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Composable, an IoT infrastructure paradigm with potential
Composable infrastructure can stand up and down virtual servers depending on the varying needs of workloads. Learn why composability is a good for IoT.
The internet of things requires flexibility, scalability, functionality across large geographic areas, and increasingly, an ability to sustain extensive computing and data exchange across an entire system of systems. All these needs often exceed what a traditionally structured data center can deliver, spawning a growing drive toward distributed, edge computing. But edge alone isn't always ideal, especially when IoT's requirements shift. Edge can't always accommodate those changes as an IoT infrastructure.
The composable disaggregated infrastructure model may be just what an edge-oriented IoT infrastructure needs. Composability can -- by its very nature -- possibly ease the deployment and management of the separate workload-specific environments typical of the internet of things.
Without having to move and reconfigure physical assets, composable infrastructure systems are created dynamically and reconfigured as needed. Enterprises can readily configure those resources on demand to meet the IoT-driven needs as they develop.
How composability benefits IoT workloads
"The term IoT covers a wide variety of technologies, solutions and needs, so I am skeptical that any one technology can address all the needs of IoT," said Scott Sinclair, an analyst at Enterprise Strategy Group. That being said, there are multiple environments that fall under the IoT umbrella that would reap the benefits of composable infrastructure, he noted.
A common thread is that these IoT solutions are located outside the data center. This physical separation makes it more difficult to manage, tweak or optimize IoT infrastructure as demands change, he explained. The central idea behind composability is to allow the infrastructure to be composed or provisioned automatically via software rather than through manual intervention. "This capability is incredibility appealing when you are talking about IoT infrastructure, which can be dispersed over multiple distant locations," he said.
That need for scalability is a huge challenge for IoT, noted Michele Pelino, principal analyst at Forrester Research. "We aren't talking a few thousand endpoints, as you might with desktop or laptop computers. It could be millions or billions of endpoints," she said. That kind of scalability requirement has to be addressed in a different way from traditional IT; thus, making the characteristics of composability a potential fit. What's more, she noted, the environments in which IoT is deployed can vary geographically and in terms of physical surroundings, depending on the industry involved and the specific operational processes -- again, something not necessarily addressed with standard IT approaches.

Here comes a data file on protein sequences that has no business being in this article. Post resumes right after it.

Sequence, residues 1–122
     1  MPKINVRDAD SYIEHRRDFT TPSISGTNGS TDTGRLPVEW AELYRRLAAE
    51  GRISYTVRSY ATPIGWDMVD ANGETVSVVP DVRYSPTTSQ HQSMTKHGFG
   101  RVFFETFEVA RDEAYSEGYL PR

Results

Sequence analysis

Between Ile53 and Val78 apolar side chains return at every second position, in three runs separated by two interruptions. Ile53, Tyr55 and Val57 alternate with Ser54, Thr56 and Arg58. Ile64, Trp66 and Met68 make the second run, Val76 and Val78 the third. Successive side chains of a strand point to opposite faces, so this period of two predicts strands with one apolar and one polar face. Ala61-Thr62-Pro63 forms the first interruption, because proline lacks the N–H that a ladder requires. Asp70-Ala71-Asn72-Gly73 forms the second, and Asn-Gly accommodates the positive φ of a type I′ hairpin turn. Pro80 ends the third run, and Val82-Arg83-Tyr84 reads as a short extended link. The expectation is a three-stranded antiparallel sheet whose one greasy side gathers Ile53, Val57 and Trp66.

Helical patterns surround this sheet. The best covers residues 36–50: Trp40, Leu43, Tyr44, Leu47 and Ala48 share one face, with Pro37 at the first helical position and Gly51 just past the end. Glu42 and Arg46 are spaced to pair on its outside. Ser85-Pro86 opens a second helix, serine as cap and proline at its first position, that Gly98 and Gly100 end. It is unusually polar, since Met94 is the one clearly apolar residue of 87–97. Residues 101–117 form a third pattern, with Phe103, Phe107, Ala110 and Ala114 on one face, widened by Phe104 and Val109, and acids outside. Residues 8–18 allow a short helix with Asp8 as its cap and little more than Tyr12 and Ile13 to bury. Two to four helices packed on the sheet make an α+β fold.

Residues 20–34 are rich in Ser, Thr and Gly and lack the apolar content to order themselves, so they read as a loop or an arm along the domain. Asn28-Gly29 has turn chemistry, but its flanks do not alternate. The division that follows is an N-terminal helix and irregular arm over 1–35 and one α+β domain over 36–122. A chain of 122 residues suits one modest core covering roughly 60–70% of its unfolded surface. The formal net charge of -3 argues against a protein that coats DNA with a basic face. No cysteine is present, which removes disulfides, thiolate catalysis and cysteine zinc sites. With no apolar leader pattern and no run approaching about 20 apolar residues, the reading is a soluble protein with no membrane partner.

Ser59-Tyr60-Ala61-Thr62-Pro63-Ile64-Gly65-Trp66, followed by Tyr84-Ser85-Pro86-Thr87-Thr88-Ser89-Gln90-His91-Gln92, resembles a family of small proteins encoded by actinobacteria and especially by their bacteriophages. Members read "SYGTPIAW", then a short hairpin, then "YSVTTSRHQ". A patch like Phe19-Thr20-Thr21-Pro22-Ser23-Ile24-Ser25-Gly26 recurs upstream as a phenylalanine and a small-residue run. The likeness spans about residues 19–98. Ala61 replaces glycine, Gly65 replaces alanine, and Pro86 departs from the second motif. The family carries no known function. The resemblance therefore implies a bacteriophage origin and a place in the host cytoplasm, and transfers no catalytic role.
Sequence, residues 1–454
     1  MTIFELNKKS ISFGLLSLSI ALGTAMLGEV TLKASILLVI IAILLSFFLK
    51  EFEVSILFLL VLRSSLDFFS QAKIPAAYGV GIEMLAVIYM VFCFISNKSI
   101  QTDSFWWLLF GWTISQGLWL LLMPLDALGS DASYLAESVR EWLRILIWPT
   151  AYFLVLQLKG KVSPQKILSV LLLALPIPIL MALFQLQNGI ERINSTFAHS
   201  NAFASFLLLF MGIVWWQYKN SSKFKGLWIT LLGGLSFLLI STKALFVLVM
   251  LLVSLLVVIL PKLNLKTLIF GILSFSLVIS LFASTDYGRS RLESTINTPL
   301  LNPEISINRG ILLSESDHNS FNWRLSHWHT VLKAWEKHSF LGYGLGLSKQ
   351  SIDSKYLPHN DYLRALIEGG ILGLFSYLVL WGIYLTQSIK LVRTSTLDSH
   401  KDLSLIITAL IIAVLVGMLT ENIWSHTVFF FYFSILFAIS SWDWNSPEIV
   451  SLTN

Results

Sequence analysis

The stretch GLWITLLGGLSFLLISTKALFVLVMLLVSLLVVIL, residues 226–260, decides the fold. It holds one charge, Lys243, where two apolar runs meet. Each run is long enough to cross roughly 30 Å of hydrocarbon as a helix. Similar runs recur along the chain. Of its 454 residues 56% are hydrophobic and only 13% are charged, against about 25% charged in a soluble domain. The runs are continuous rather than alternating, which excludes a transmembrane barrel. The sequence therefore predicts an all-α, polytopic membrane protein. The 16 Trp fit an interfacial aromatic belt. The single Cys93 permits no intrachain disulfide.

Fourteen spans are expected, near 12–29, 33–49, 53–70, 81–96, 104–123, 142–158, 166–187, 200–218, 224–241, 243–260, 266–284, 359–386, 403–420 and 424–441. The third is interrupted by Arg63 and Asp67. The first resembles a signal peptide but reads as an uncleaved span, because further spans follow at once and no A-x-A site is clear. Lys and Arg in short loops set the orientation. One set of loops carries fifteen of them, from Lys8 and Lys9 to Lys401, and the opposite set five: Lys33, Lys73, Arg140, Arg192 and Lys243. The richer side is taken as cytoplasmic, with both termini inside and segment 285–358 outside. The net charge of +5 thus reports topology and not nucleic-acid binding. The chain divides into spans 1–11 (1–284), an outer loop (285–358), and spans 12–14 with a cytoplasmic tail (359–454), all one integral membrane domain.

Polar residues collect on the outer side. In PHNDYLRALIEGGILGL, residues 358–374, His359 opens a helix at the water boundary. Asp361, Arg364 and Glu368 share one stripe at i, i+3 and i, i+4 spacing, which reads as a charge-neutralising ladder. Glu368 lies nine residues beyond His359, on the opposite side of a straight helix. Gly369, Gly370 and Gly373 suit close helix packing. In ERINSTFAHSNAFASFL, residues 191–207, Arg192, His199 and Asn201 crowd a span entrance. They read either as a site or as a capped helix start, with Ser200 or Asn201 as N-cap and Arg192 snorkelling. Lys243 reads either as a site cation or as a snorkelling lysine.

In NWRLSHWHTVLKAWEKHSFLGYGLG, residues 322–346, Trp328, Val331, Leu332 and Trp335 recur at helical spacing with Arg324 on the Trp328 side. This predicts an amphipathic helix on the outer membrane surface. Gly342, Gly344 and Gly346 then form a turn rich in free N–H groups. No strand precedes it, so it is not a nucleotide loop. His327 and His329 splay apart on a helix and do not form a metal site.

"IoT is not yet stable. It is in a phase transition from liquid to solid, like warm Jell-O," said Christian Renaud, research vice president of the internet of things at S&P Global Inc. As a consequence, IoT implementers don't want to make big, expensive, fixed infrastructure decisions, "which could end up being like the embarrassing tattoo you got when you were 18," he said. And that reluctance to commit to a more traditional form of infrastructure is an opportunity for composable, he added.
Alfonso Velosa, an analyst at Gartner, said IoT also favors an event-based architecture where applications can be "shunted around" depending on lag, latency and the cost of sending data. That implies a distributed computer topology, but one that ensures sufficient resources wherever and whenever needed. At the moment, he added, containers in the cloud is a standard approach to delivering that distributed topology, but overall, "I am increasingly seeing people putting IoT software on the edge, in containers, typically either a Docker or Rancher approach," he said.
According to Velosa, the next step could be composable. "Vendors ranging from hyperscalers on down" are starting to look at composable disaggregated infrastructure relative to their IoT needs, he said.
Composable-IoT infrastructure: First steps
None of this sounds like a certain thing or a clear path for IoT or composable decision-makers -- at least, not yet. But that may not be a problem.
"While both IoT and composable infrastructure are still early in their maturity curves, I don't expect the same type of risk you might see with other new technologies," Sinclair said. That's because the underlying infrastructure technology is often based on existing, comprehensive, enterprise-level technology, he noted. What is new is the way it's managed.
"The risk with composability often results from a lack of insight on how to best manage, optimize or compose the infrastructure for the specific workload or application environment," Sinclair explained.
To this end, the vendors with composable offerings typically offer integrated intelligence or analytics features to help provide insight into the environment.
Another risk common with any remote technology is security. Therefore, any vendor with offerings for either IoT or composability needs to prioritize security functionality, as well, Sinclair said.
Where should one start a composable-IoT infrastructure journey? Sinclair said almost every infrastructure vendor is investigating how to improve automation and manageability, but "HPE and Liqid are two vendors that are actively driving the composability story."
However, "these solutions are rarely one size fits all. Approach IoT and composability with a plan and clear objectives -- the more narrowly focused, the better," Sinclair added. "Start small, then grow over time."